MOTION TO AVOID LIEN
If you fall behind on payments to creditors, they have the right to file a lawsuit against you. In some cases, debtors may still neglect to make payments even after creditors have won their lawsuit. Creditors can choose to place a lien on your property. A lien provides creditors with a source of collateral in case you fail to repay your debts. This will allow creditors to seize the property and sell it to repay the debt owed.
When filing for Chapter 13, you may file a Motion to Avoid Lien. In order to do so, you must demonstrate that the lien is harming your use of an allowed exemption. For example, if a creditor has placed a lien on a property and that property has no equity in it without even factoring in this lien, you may file a Motion to Avoid Lien and present the Court with evidence showcasing that you do not have any equity in the given property.
MOTION TO INCUR DEBT
A Motion to Incur Debt allows you to take on any new debt during your Chapter 13 filing. When completing the bankruptcy process, you must notify your attorney and the Court of any financial changes. This includes getting permission before applying for any new loans or creating any other payment plans. If the Court denies your motion, you will not be able to incur any new debts.
MOTION FOR RELIEF FROM AUTOMATIC STAY
A Motion For Relief from the Automatic Stay is filed by creditors to prevent the debtor from receiving protection under the Automatic Stay. When filing for bankruptcy, the Automatic Stay is enacted to prevent creditors from taking any further action against you. This prevents the filing of any new lawsuits, home foreclosure, evictions, utility disruptions, and even creditor calls. Generally, a Motion for Relief from the Automatic Stay is filed by secured creditors during your Chapter 7 or 13 Bankruptcy when they want to, based on certain laws, foreclose on your house or repossess your vehicle. If granted, you will no longer be protected by the automatic stay and creditors can continue to take action outside of your bankruptcy case against that specific asset. For example, if you are no longer protected by the Automatic Stay, creditors may pursue a home foreclosure against you. You will be notified if a creditor has filed a Motion for Relief from Automatic Stay and have the opportunity to object. It is crucial that you and your attorney understand the law and how to properly object to this.
MOTION TO EXTEND AUTOMATIC STAY
While creditors may choose to prevent you from relief under the automatic stay, you are able to file a motion to extend the period of time you are protected by the Automatic Stay. If you have previously filed for bankruptcy within a year of your ongoing case, the Automatic Stay will continue for only up to 30 days since your filing date. By filing a Motion to Extend Automatic Stay, you must establish that the ongoing case is occurring as planned and will continue to do so. If successful, the Court will extend your Automatic Stay, and you will continue to be protected from creditors’ further actions.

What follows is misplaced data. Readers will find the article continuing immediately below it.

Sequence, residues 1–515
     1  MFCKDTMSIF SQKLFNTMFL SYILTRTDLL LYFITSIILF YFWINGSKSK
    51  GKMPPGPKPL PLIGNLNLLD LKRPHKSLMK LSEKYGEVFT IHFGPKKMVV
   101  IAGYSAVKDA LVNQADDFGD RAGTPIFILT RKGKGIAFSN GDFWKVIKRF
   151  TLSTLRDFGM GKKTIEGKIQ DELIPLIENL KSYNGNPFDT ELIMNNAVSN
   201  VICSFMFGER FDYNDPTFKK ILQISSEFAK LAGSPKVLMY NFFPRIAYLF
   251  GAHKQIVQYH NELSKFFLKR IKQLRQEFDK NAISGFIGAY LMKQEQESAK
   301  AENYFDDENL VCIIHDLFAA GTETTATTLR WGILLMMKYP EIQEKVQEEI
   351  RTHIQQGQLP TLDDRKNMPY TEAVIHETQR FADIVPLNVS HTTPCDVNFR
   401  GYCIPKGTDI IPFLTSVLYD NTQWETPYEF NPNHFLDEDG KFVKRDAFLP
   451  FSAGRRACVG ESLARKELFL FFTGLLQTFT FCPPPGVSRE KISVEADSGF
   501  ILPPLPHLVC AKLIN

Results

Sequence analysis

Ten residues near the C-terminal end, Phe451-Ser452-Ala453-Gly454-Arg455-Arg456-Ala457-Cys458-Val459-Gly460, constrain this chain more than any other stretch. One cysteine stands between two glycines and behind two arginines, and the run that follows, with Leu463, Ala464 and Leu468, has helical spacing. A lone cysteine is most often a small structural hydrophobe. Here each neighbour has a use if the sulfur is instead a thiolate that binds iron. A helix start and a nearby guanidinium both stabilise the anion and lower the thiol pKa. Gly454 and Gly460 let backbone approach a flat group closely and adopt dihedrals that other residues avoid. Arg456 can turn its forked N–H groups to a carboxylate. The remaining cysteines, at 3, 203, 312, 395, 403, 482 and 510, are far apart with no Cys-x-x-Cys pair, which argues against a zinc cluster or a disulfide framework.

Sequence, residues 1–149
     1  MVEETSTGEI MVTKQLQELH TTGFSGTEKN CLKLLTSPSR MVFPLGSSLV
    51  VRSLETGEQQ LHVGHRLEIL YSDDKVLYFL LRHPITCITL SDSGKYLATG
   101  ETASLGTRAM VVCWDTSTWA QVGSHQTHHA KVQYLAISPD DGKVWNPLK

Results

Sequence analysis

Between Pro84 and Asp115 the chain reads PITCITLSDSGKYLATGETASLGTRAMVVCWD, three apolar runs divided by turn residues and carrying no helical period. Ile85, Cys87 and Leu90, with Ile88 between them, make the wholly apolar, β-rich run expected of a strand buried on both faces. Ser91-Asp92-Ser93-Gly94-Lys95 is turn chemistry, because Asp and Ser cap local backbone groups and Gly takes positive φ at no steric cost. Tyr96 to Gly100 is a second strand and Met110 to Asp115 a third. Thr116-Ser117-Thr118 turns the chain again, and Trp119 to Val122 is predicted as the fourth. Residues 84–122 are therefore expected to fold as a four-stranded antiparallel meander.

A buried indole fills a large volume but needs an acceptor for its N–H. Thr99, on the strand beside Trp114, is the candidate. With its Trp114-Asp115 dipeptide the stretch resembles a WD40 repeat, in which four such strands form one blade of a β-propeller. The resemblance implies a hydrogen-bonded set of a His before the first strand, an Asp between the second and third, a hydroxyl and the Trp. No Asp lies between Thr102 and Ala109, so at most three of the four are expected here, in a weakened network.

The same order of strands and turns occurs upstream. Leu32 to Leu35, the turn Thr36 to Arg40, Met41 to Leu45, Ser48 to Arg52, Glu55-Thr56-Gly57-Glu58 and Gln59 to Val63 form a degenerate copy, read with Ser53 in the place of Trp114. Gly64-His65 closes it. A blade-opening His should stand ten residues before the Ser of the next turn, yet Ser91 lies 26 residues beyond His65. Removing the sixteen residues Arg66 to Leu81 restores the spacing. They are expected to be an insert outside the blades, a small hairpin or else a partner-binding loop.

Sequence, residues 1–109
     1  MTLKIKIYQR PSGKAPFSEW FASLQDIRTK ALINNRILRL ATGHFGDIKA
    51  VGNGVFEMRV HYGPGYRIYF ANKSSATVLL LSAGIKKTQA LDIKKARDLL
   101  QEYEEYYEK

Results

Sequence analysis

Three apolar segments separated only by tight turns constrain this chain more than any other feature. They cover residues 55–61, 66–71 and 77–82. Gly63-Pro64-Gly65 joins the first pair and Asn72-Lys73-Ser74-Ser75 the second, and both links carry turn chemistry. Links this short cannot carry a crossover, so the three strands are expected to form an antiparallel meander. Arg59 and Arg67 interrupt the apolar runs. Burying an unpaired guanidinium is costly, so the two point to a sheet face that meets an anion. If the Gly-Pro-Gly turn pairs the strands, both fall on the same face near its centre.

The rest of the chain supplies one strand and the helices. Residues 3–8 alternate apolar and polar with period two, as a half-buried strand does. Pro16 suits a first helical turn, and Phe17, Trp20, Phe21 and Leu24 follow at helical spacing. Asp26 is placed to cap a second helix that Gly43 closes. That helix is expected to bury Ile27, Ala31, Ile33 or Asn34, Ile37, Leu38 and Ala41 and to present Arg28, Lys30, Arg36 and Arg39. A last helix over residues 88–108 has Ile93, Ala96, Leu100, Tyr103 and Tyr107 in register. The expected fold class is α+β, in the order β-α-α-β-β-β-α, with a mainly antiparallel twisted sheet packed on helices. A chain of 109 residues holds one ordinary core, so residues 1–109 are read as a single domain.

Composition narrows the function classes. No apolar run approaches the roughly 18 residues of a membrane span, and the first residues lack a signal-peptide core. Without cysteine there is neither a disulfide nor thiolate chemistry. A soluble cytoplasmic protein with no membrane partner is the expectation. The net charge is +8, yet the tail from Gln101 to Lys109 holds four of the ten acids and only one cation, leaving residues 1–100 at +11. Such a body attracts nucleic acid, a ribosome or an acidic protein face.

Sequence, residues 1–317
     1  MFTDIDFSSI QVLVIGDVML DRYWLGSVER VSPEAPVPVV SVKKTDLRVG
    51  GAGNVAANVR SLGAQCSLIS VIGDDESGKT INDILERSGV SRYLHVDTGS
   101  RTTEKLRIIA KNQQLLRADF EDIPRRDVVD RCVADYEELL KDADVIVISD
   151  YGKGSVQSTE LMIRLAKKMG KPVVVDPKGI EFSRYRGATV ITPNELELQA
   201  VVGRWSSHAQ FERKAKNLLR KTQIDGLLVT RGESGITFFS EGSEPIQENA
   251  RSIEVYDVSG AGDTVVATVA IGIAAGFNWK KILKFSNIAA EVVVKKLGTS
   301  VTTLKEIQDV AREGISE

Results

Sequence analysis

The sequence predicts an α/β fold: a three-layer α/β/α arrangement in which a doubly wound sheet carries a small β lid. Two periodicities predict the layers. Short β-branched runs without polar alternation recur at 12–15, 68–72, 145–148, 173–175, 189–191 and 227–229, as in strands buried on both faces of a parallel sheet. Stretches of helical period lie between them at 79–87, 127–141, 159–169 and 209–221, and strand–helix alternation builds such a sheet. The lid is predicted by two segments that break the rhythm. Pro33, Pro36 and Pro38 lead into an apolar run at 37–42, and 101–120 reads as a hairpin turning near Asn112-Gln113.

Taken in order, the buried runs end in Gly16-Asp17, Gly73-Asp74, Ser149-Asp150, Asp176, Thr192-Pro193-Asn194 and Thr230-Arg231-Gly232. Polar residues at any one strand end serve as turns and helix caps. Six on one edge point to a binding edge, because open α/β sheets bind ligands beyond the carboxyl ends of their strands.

MOTION TO INITIATE AUTOMATIC STAY
If you have filed multiple (at least two prior + the current one) bankruptcy cases within a year of the ongoing case, you will not automatically receive protection under the Automatic Stay like you did with the first two filings. By filing a Motion to Initiate Automatic Stay, the Court may allow for the stay to be initiated and you will continue receiving protection from creditors.
OBJECTION TO CLAIM
When completing your bankruptcy filing, you must provide a list of all outstanding debts and to whom they are owed. Although you have listed it, the creditor must file a proof of claim establishing that you have incurred this debt and owed them X amount of money. Creditors have 70 days to file their proof of claim. If they fail to do so in time, you will not be required to pay this debt through your Chapter 13 Plan. If the creditor reports an amount differing from the one you have listed and is claiming their amount to be correct, you can file an objection to claim. By doing so, you will have the opportunity to explain to the Court the inconsistencies, and the Judge will establish an appropriate value.
When filing an objection to claim, you must provide the Court with who made the initial claim, when it was filed, the amount listed, and its claim number. To further the success of your objection, it is important to gather any material that will prove that claim is false.
MOTION TO DISMISS
If the creditor feels you are not following the guidelines established in the bankruptcy proceedings, they may choose to file a Motion to Dismiss. For example, if you have defaulted on payments to your trustee, they may respond by proposing the Court dismiss your case. If the Judge is in agreement, the Court will dismiss your case and you will no longer be receiving relief through the bankruptcy process.
If a creditor has filed a Motion to Dismiss, you can respond by filing an objection. If the Motion to Dismiss was filed due to a specific issue and you are able to provide an alternate solution, your objection may be granted. This may involve making changes to your existing Chapter 13 Plan or even converting your case to a Chapter 7, if you are able to.
HOW CAN WE HELP?
Motions can have a huge impact on your case. Whether you are choosing to file a motion, or your creditor has taken action against you, it important that you understand what that entails. By contacting Sacramento Bankruptcy Lawyer today, attorney Pauldeep Bains will use his extensive knowledge of understanding each motion and experience filing these motions to ensure that your case is not jeopardized in any way.
We help clients in the following areas: Sacramento, Elk Grove, South Sacramento, West Sacramento, Natomas, Citrus Heights, Antelope, Fair Oaks, Gold River, Rancho Cordova, Roseville, Rocklin, Lincoln, Wheatland, Yuba City, Marysville, Woodland, Davis, and Lodi.